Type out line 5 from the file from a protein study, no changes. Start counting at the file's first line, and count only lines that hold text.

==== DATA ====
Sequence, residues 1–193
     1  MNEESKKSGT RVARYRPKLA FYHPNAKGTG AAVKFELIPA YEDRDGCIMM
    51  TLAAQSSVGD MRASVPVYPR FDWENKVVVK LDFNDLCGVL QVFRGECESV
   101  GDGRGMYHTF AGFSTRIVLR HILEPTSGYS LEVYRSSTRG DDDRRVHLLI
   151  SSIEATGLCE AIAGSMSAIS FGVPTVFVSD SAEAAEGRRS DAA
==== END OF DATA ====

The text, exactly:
   151  SSIEATGLCE AIAGSMSAIS FGVPTVFVSD SAEAAEGRRS DAA